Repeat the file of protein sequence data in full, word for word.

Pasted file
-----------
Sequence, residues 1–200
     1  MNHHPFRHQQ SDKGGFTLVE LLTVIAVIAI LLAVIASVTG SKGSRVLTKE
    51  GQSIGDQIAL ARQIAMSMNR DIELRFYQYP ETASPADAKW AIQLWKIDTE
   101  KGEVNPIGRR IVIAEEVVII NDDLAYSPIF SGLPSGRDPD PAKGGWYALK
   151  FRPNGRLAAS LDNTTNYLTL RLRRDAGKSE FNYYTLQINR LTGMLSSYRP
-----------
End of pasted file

Sequence, residues 1–200
     1  MNHHPFRHQQ SDKGGFTLVE LLTVIAVIAI LLAVIASVTG SKGSRVLTKE
    51  GQSIGDQIAL ARQIAMSMNR DIELRFYQYP ETASPADAKW AIQLWKIDTE
   101  KGEVNPIGRR IVIAEEVVII NDDLAYSPIF SGLPSGRDPD PAKGGWYALK
   151  FRPNGRLAAS LDNTTNYLTL RLRRDAGKSE FNYYTLQINR LTGMLSSYRP